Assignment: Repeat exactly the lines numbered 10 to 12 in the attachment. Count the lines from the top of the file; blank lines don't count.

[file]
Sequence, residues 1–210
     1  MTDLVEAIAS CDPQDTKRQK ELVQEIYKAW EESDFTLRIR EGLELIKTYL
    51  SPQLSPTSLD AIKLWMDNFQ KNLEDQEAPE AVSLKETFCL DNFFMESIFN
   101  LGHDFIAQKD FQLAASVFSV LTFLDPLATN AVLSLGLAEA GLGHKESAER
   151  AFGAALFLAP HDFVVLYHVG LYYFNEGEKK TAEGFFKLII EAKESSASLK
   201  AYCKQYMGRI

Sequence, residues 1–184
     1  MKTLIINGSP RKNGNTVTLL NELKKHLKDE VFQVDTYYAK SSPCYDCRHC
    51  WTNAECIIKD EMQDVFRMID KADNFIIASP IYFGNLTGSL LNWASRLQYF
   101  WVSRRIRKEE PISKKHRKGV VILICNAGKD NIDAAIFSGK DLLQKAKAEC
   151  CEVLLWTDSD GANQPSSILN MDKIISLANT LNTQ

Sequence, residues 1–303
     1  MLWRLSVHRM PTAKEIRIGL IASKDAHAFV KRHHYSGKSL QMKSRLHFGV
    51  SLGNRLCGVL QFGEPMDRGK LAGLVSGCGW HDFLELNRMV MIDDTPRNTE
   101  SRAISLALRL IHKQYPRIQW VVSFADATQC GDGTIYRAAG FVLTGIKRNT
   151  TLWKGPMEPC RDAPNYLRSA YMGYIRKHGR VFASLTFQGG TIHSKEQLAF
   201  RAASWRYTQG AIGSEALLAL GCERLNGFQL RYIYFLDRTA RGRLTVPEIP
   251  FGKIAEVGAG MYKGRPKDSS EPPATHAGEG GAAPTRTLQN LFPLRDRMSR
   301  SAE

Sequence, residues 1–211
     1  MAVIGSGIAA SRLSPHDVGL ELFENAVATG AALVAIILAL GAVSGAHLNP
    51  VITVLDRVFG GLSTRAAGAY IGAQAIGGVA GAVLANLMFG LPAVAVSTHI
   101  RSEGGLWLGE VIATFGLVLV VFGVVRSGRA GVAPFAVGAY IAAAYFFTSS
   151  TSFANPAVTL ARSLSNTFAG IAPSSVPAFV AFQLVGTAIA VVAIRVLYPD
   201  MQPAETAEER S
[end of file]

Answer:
   101  WVSRRIRKEE PISKKHRKGV VILICNAGKD NIDAAIFSGK DLLQKAKAEC
   151  CEVLLWTDSD GANQPSSILN MDKIISLANT LNTQ

Sequence, residues 1–303